This is Part 1 of a two-part series looking at how the current real estate market is impacting relocating employees and mobility programs. Our focus in this post will be on the sales side. Selling a home is a critical aspect of the relocation process and experience for a new hire or existing employee. Let's consider:
There have been a batch of positive economic projections ranging from Frost & Sullivan's back in February to the very recently released information shared by CNBC from the International Monetary Fund (IMF). Vaccine rollouts and stimulus efforts have the IMF thinking that the U.S. is on track to not only return to but exceed its pre-pandemic performance this year!
With that information, companies are considering their talent needs, working through new or adjusted work models, and evaluating what impact this might have on their global mobility volumes. These types of predictions are challenging any year, but even more so at this point.
There are, however, many global mobility leaders predicting increased volumes, and while most are not willing to bet they will get back to pre-pandemic peak volumes, they are preparing to support the business and get families moved throughout the remainder of 2021. Right now, programs are re-evaluating resources, needs and desired outcomes in order to provide the best experience possible. So now is a good time to consider the kinds of things employees may experience in this real estate market. Let's look at the home sale side of things in this post and then we'll review the home purchase situation in our next post.
Relocating employees selling their homes are in a good position.
No question, most places across the country are in a hot seller's market! This article from CBS news shares that 88% of metropolitan regions across the U.S. have experienced double-digit home price growth. Currently, many homes are selling at or above list price. In fact, this recent Redfin article shares that home prices rose 16% to a new all-time high and that 39% of homes sold above their list price, another all-time high and 15 percentage points higher than the same period a year earlier. Here at Plus, we are seeing that number at 37%, but we are expecting it to rise this spring and summer.
Pending home sales are up 28% over last year and new listings are down 12% from a year ago, so most employees putting their homes on the market are facing the least amount of competition that they have seen in a while. Mortgage rates have also remained low so buyers can qualify to pay more and still afford their mortgages. Mortgage rates have even come down slightly from last week, which is pushing borrowers back into refinancing. The demand to purchase is still high and is not slowing down yet.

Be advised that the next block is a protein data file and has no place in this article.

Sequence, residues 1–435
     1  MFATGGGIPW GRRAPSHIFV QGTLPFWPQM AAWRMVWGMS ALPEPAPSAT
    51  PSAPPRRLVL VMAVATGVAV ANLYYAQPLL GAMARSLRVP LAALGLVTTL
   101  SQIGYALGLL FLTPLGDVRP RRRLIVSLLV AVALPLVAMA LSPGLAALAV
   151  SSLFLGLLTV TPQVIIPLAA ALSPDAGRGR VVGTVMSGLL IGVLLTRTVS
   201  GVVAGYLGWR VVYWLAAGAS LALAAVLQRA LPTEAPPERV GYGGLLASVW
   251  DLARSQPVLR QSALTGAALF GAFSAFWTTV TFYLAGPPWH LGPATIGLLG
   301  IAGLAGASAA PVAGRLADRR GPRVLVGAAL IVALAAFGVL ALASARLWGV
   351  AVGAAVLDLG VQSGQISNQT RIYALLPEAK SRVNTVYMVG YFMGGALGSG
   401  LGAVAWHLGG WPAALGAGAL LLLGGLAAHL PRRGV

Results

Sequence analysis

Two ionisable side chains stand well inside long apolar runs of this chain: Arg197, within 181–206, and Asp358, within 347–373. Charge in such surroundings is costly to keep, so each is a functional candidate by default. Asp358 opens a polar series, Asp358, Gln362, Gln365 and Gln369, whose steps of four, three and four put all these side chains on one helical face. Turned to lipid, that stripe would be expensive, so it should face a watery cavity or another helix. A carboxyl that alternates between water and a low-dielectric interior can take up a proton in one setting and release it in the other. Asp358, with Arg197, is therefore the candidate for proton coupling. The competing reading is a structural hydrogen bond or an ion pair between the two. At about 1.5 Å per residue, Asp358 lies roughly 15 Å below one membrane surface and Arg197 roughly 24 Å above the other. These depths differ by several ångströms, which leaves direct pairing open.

OK, so sellers are getting good money and selling fast — what could be the problem?
Well, while prices keep going up, many people are still getting offers at or above their list price. If an offer is significantly above the appraisal on the home, it can create a few issues to grapple with for everyone involved, especially with a home going through a corporate home sale program. In fast-rising markets, there can be a lag where the appraisals are not able to be based on enough comps, so they come in much lower than the offer price, especially where multiple offers are driving the prices higher. The low appraisals are sometimes referred to as "failed appraisals." While a second appraisal can be obtained, it may very well also come in lower than the offer price, or "fail."
At that point, a few things can happen. The buyer may not be able to move forward unless they want to offer more cash to cover the difference or they may need the seller to lower the price or some combination of these two.
For a home that is part of a buyer value option (BVO) or amended value option (AVO) home sale program, let's assume the company has "fall through protection" in place. This means the company will be buying the home from the employee for the agreed-upon price, then selling it to that buyer that made the high offer. But now, the company may not be able to follow through due to the appraisal contingency. So the company will be the one that has to deal with the failed/low appraisal and is likely to have to sell that home at a price lower than they bought it for, hence losing money in the process. Their employee will likely still be very happy in getting the full amount of that great offer, though! This scenario may not happen very often, but we are in a real estate environment where it becomes much more likely!
So what is the takeaway for mobility teams? We asked Kelly House, Plus' inhouse real estate expert who explains:
"Throughout 2021 we have experienced an above normal amount of properties experiencing a failed appraisal that requires renegotiation of the terms per the appraisal contingency. Given that market conditions for the near term remain very competitive, it is our expectation that this risk will continue to be above normal throughout the spring and summer real estate market. Once the fall and winter market come around we should have ample comparable sales to support these prices."
CoreLogic analyzes four individual home-price tiers that are calculated relative to the median national home sale price. Home price growth accelerated for all four price tiers to the highest rates since 2005 for the low-price tier and since 2006 for the other three price tiers. The lowest price tier increased 14.2% year over year in February 2021, compared with 12.4% for the low-to-middle price tier, 11.6% for the middle-to-moderate price tier, and 11% for the high price tier.